Ask the Expert: Getting New Moms Moving

April 6, 2021 - Defence Stories

Mother and baby
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Enjoy activities that are gentle on your joints.

Q: I’m pregnant and looking forward to having my first child. While it’s been challenging, I have continued to be physically active. I know my new baby will significantly change my life and I would appreciate some advice on how to safely return to being physically active after my delivery.
Future Mom

A: Dear Future Mom: Congratulations on the upcoming addition to your family. Recovering after pregnancy is highly individual. When you are ready, exercising in the postpartum period offers many benefits including enhanced energy, increased cardiovascular fitness, help with weight management, improved body and pelvic floor strength, and reducing the potential risk of anxiety and depression. Here are some suggestions on how to safely resume being physically active.

  1. The Society of Obstetricians and Gynecologists of Canada feels that women who had a healthy pregnancy and a normal vaginal delivery can start exercising as soon as they feel comfortable. Women who had pregnancy complications, a caesarian section or a traumatic delivery should talk to their health care provider about when to resume physical activity.
  2. Every woman experiences body changes during pregnancy. It can take several months to reconnect with your new body and resume your fitness program. Start off slowly, listen to your body and increase your physical activity as tolerated.
  3. As soon as possible, begin to engage your core and pelvic floor muscles. Pregnancy and delivery subject your abdominal and pelvic floor muscles to great stress and you depend on these muscles to support your abdominal and pelvic organs, as well as to provide a solid base for all body motion. Reconditioning these muscles will reduce your risk of developing bladder leakage in the future.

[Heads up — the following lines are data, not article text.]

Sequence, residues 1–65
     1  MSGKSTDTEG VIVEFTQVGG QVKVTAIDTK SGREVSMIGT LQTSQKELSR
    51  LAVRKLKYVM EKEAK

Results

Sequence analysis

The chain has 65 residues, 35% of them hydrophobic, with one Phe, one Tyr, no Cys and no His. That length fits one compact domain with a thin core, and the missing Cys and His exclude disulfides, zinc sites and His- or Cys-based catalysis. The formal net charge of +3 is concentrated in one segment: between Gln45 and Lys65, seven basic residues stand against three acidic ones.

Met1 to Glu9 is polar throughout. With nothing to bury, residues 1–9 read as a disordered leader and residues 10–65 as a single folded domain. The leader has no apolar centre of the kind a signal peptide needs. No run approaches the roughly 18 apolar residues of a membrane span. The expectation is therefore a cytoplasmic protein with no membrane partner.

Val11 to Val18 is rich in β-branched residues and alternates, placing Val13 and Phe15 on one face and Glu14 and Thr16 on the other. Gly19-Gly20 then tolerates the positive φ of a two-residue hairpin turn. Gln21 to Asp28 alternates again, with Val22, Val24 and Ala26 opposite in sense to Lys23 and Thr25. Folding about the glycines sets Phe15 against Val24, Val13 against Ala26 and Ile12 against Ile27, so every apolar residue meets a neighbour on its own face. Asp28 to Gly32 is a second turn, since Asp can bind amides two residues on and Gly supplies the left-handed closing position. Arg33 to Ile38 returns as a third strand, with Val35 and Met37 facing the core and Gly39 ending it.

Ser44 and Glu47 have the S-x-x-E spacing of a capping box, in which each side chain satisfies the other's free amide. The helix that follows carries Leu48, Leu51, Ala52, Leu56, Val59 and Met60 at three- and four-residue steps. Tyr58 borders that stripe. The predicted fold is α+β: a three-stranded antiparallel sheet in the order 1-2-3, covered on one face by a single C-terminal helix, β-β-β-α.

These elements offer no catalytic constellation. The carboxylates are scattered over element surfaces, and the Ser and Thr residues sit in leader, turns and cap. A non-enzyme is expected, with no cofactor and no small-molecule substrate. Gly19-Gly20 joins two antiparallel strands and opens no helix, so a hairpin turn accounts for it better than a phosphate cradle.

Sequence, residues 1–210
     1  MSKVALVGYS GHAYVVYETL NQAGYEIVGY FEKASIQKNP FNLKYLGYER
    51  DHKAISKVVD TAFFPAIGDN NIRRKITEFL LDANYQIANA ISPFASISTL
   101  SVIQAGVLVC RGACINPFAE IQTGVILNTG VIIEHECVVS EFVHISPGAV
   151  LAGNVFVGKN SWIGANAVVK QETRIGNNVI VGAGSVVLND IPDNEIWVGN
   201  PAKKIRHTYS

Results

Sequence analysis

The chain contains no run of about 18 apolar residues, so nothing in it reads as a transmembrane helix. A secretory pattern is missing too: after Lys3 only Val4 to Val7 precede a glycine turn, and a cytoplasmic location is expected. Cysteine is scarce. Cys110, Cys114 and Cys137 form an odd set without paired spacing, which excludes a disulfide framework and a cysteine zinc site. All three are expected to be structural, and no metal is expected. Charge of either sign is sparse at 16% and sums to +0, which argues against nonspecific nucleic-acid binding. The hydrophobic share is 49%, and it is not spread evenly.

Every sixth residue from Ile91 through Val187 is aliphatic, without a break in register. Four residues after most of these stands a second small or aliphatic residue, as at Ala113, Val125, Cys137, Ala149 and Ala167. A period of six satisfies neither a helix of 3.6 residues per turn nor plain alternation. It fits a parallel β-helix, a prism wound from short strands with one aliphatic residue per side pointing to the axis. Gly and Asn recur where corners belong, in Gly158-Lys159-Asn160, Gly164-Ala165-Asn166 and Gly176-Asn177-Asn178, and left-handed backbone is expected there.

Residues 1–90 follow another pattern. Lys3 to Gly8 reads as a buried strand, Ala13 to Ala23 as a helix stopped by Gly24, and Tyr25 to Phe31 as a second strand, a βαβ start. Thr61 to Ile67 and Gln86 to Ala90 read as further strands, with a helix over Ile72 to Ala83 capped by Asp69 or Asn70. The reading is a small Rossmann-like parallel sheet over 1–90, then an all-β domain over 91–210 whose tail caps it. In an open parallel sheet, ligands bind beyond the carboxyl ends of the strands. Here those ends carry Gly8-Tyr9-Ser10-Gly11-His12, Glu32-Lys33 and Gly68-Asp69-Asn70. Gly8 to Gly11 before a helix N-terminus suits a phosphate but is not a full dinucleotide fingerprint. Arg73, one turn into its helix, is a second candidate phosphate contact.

4. Start with walking indoors or outdoors – it’s a great form of “gentle” exercise, as it can be done soon after your delivery and it doesn’t overly stress your pelvic floor muscles.
  5. Your body should feel good moving. Stop exercising if it is painful – this is a clear message your body isn’t ready for what you are doing. If the pain persists, see your health care professional.
  6. Avoid heavy lifting and high impact activities such as running and jumping until your pelvic floor muscles are reconditioned.
  7. Enjoy activities that are gentle on your joints. During pregnancy, and for up to 12 months after delivery, women produce a hormone that loosens their connective tissues and joints. These loose tissues and joints can leave your body less stable and increase your risk of injury.
  8. Wear a supportive bra to reduce that amount of motion your breasts experience when you exercise.
  9. Try breastfeeding or expressing your milk before you train – exercising with lighter breasts will be more comfortable. The quality and the amount of breast milk you produce is determined by your calorie and fluid intake, not how much you exercise.

Bottom line: Regular exercise has been shown to offer new moms many physical and mental health benefits. Following the nine tips above will help you safely return to being fit enough to keep up with the new addition to your family. Enjoy! Movement is Medicine!

Strengthening the Forces Logo

Dr. Darrell Menard OMM MD, Dip Sport Med

Dr. Menard is the Surgeon General’s specialist advisor in sports medicine and has worked extensively with athletes from multiple sports. As part of the Strengthening the Forces team he works on injury prevention and promoting active living.

Strengthening the Forces is CAF/DND’s healthy lifestyles promotion program providing expert information, skills and tools for promoting and improving CAF members’ health and well-being.

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